Aug 14, 2018

The assembly line of the future: Automation, DNA construction, and synthetic biology

Posted by in categories: bioengineering, biotech/medical, economics, genetics, robotics/AI, sustainability

This story is brought to you by SynbiCITE, which is accelerating the commercialization of synthetic biology applications. To learn how SynbiCITE is nucleating a sustainable UK economy, visit www.synbicite.com.

Just as Henry Ford’s assembly line revolutionized the automobile industry, synthetic biology is being revolutionized by automated DNA assembly (see SynBioBetaLive! with Opentrons). The key features of an assembly line translate well into the field of synthetic biology – speed, accuracy, reproducibility and validation. Instead of welding chassis together, small robotic arms are lifting delicate plates holding dozens of samples, adding and removing miniscule amounts of fluid.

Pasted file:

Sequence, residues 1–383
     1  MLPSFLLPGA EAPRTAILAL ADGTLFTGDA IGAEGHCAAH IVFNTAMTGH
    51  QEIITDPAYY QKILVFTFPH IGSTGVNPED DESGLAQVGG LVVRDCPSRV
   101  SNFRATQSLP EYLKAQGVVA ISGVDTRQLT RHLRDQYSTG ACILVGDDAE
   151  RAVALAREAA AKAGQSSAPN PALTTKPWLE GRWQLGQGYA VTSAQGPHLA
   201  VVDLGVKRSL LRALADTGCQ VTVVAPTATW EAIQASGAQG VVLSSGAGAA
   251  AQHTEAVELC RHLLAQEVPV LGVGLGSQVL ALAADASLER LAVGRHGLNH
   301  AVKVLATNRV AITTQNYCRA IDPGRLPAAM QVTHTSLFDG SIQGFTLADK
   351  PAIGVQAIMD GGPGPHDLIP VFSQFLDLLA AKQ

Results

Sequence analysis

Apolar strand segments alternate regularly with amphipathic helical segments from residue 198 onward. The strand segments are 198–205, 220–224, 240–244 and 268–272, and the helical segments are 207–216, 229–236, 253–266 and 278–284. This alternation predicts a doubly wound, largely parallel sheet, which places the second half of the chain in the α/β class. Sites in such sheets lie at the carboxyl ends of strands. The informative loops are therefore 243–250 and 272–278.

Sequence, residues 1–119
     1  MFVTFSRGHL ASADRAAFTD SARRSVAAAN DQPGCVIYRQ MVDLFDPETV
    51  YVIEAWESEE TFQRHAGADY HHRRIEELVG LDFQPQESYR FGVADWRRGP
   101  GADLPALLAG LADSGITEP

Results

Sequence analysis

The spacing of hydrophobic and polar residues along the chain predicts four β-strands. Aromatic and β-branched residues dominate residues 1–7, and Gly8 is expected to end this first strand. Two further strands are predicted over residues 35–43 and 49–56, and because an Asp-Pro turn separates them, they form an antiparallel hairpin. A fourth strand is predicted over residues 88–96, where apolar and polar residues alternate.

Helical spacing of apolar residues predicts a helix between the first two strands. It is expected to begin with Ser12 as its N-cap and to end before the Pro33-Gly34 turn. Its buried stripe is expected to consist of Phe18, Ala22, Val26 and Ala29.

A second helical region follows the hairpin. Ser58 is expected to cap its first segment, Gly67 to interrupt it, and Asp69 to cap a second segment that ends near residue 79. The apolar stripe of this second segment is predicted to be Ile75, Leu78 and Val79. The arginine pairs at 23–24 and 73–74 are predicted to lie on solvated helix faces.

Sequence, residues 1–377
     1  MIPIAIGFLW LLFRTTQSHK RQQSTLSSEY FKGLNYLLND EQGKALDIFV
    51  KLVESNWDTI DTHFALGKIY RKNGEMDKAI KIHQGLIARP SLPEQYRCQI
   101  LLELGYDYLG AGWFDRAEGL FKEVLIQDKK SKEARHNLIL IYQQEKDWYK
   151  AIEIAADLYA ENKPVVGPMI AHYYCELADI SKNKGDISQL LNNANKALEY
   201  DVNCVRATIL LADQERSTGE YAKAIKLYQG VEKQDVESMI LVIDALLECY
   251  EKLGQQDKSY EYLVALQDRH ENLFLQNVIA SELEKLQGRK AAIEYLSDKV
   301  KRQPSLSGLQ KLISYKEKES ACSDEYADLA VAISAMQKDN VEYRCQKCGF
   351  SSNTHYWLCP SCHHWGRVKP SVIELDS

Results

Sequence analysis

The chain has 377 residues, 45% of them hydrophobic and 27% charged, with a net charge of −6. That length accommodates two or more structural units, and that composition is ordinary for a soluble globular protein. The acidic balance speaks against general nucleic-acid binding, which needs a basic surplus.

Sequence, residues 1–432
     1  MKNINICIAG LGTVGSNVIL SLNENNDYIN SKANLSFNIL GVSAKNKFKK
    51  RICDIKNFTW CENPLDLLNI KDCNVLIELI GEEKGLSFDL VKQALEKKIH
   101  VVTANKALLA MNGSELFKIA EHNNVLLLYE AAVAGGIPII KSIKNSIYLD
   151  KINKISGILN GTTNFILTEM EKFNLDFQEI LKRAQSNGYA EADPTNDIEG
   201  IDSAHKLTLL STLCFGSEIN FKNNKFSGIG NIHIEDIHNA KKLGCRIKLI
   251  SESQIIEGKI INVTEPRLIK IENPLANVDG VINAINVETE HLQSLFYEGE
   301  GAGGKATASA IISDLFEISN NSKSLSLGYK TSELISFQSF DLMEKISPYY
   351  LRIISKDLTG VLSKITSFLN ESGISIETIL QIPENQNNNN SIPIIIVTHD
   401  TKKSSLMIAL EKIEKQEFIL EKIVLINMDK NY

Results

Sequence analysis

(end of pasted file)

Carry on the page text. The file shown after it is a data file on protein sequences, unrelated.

In 2014, Imperial College London received £2 million to develop a DNA Synthesis and Construction Foundry to operate with SynbiCITE, the UK Innovation and Knowledge Centre for synthetic biology. Speaking at the Foundry’s inception, SynbiCITE co-director Prof. Paul Freemont said, “Standardizing the methods for synthesising DNA is crucial if we are going to scale up efforts to design and create this genetic material. The new DNA Synthesis and Construction Foundry will streamline and automate the ‘writing’ of DNA at an industrial scale so that tens of thousands of designed DNA constructions can be built and tested.”

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